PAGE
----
He was born Oct. 6,1898 at St. John, Idaho to David Stevens and Anna Martina Larson Thomas. He married Maude Irene Jones Nov. 23,1925 in Salt Lake City.
Their marriage was solemnized in the Logan LDS Temple Feb. 17,1965. He was a farmer, member of FOE (Fraternal Order of Eagles), a member of the LDS Church, and was active in scouting. Survivors include his widow of Malad, two sons and one daughter. Dale J.
Thomas of Malad, John J. Thomas of Woods Cross Utah, and Mrs. Dean L. (Mary Lou) Williams of Pocatello; 10 grandchildren and one great grandchild; and one brother and one sister, James Thomas of Pocatello and Mrs. Anella Jones of Ogden.
Funeral services will be 1 FUNERAL NOTICES BAILEY-Funeral services for Claribel Bolingbroke Bailey, 87, of 654 W. Pine, who died Saturday, will be conducted at 1 p.m. Tuesday at the LDS 16th Ward Chapel at 550 W. Cedar with Bishop Lynn Hall officiating. The family will receive friends from 7-9 p.m.
today at Manning Funeral Chapel. Burial will be at Mountainview Cemetery. p.m. Wednesday at the St. John LDS Ward Chapel with Bishop Gene Edwards officiating.
Friends may call at Benson Funeral Home in Malad Tuesday evening and on Wednesday before services. Burial will be in the St. John. a arrangements are by Benson Funeral Home. ELLEN PEARL GIBSON Peral Greenhalgh Gibson, 70, died Saturday at the Preston hospital after a short illness.
She was born July 19, 1906 in Nephi, Utah to Joseph Hyrum and Pearl Greenhalgh. She married Owen N. Gibson in the Manti LDS Temple Sept. 5, 1928. She was active in the LDS Church, in the Primary a i i organizations, in Sunday school, and in the Mutual Improvement Association.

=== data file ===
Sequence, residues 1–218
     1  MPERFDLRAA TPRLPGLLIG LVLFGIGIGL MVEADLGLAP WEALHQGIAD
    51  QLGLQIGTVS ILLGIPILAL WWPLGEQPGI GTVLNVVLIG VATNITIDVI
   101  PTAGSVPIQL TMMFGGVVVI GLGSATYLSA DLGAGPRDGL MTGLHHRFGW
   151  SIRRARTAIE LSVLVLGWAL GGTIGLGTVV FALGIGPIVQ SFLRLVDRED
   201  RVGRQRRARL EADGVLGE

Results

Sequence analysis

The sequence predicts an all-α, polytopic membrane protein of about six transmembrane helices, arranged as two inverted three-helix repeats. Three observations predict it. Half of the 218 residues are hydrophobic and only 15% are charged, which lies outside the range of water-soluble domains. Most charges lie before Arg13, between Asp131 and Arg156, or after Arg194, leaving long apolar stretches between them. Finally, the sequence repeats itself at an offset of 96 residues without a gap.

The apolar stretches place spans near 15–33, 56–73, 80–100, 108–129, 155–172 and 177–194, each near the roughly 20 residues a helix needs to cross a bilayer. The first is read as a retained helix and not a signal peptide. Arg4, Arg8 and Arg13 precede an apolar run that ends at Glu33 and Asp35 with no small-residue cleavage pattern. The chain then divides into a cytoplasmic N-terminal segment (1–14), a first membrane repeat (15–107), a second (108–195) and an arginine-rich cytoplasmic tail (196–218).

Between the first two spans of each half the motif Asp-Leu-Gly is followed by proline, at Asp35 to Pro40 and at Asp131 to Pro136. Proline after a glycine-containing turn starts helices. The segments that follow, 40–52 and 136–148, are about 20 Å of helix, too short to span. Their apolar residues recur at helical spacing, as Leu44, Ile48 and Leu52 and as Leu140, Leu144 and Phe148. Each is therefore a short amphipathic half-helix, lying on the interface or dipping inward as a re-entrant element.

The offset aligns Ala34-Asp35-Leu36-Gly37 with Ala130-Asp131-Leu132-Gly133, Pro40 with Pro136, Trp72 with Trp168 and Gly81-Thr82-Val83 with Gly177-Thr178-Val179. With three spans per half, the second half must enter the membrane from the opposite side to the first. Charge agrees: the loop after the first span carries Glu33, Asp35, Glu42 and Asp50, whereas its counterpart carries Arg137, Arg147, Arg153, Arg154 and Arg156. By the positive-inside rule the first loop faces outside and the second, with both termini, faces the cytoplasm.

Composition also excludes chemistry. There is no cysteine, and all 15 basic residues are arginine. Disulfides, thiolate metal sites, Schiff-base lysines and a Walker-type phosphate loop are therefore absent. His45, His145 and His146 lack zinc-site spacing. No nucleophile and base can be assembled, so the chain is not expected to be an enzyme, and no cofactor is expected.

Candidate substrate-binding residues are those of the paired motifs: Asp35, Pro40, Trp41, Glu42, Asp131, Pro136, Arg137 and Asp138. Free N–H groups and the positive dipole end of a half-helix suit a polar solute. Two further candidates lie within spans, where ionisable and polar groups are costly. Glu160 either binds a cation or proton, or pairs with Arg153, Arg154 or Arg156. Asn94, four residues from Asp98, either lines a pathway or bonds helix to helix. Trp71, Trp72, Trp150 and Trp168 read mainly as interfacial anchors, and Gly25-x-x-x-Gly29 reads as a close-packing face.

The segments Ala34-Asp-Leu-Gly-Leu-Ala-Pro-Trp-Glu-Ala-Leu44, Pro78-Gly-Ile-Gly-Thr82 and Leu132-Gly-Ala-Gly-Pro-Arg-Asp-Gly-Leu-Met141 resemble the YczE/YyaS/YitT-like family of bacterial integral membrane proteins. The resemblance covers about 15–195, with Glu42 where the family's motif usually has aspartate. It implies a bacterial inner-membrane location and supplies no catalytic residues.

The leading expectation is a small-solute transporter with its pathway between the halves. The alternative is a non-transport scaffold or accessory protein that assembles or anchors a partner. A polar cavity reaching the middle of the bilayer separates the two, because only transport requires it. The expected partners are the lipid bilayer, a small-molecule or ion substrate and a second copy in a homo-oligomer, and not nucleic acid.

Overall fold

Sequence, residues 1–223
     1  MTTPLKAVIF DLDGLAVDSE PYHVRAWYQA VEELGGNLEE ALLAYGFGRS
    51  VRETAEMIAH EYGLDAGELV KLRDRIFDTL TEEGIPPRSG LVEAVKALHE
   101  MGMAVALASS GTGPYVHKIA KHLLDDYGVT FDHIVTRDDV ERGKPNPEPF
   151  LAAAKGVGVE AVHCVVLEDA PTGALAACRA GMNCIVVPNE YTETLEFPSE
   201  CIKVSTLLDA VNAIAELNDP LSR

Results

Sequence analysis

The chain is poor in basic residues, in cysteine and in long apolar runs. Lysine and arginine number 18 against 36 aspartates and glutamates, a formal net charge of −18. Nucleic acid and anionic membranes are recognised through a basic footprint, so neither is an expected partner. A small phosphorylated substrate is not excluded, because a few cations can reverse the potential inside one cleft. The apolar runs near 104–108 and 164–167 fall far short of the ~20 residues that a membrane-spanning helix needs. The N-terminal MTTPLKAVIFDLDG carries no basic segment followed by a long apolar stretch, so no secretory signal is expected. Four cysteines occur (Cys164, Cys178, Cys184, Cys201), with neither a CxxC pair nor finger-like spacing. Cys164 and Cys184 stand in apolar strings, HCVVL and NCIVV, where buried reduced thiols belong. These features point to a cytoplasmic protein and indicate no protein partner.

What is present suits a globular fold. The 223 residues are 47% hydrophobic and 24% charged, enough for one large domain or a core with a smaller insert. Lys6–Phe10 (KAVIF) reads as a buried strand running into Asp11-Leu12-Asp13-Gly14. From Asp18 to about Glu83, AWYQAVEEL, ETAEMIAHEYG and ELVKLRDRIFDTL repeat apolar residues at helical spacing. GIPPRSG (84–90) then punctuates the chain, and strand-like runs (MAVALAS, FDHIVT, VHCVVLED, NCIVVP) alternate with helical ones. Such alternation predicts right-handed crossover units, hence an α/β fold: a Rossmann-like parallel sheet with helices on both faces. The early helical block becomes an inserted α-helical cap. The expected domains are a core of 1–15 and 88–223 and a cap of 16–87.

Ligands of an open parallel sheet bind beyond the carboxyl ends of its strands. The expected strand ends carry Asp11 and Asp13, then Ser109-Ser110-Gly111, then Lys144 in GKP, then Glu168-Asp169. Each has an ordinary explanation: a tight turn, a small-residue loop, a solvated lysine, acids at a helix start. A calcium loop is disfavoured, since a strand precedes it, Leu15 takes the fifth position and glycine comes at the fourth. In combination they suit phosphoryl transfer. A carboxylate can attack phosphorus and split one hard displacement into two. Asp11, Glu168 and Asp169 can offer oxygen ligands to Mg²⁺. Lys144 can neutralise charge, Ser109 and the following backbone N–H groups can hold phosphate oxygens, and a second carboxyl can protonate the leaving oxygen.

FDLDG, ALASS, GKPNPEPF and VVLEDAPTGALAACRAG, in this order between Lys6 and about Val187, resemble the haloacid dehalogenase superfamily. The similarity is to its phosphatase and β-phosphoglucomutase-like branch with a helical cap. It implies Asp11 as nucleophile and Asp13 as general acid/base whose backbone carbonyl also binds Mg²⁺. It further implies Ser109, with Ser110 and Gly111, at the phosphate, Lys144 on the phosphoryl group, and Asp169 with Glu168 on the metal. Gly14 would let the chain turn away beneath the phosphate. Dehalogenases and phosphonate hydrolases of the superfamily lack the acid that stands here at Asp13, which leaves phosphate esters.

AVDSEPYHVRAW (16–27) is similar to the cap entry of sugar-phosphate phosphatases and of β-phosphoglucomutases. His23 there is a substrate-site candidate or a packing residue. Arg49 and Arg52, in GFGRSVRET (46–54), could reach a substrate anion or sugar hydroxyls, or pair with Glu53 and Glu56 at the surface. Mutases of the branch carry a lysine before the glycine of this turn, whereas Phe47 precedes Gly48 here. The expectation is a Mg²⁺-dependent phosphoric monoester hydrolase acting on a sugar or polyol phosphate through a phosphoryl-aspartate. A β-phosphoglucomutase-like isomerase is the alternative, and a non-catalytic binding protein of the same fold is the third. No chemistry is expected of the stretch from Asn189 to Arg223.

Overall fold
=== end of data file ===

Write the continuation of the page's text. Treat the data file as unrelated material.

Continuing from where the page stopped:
She was a captain of the Daughters of the Utah Pioneers, Rachel Porter Camp. She was also a 4- leader and worked with the home extension council. She is survived by her husband; two sons and a daughter, Keith of Placentia, Calif. Teryl of Thousand Oaks, Calif, and Pearl Comstock, of Potlatch, Idaho; 10 grandchildren and three great- grandchildren; seven brothers and one sister. Read, Clark, and Stellman, all of Nephi, Utah, Ray of Provo, Utah, Hyrum of Springville, Utah; James of Tacoma, Wash.
Heber of San Mateo, Calif, and Mrs. Udall (Jessie) Bailey of West. Jordan, Utah. The funeral service will be 11 a.m. Wednesday in the Preston Third LDS Ward Chapel.
Friends may call at Webb Mortuary Tuesday from 7-9 p.m. and on Wednesday one hour before services. Burial will be in the Vine Bluff Cemetery in Nephi, Utah at 6 p.m. I LOG Two men arrested by Pocatello police over the weekend were arraigned today before Magistrate George R. Phillips, and were returned to the Bannock County Jail under $10,000 bond this morning.
Terry Lee Liggins, 25, of 230 W. Chubbuck, No. C-4 was charged with possession of a controlled substance, heroin, with intent to deliver, which Pocatello police claimed to have found Friday afternoon when they searched his apartment with a search warrant. The also claimed to have found quantities of what they believe to be marijuana and amphetamines. Laverne Gene Rogers, 21, Fort Hall, was arraigned today on an escape charge.
He is charged with running, from a Bannock County deputy sheriff who was taking him back to jail alter his arraignment on a second- degree burglary charge on April 27. Public defenders were appointed for both men. At least 13 juveniles were arrested Saturday and Sunday for various alleged violations of the Youth Rehabilitation Act by Pocatello police. The charges included curfew violations (10 alleged instances) and illegal possession of beef (two alleged cases). However, a police spokesman said no crackdown on violations is under way; officers had merely encountered an unusual number of violations.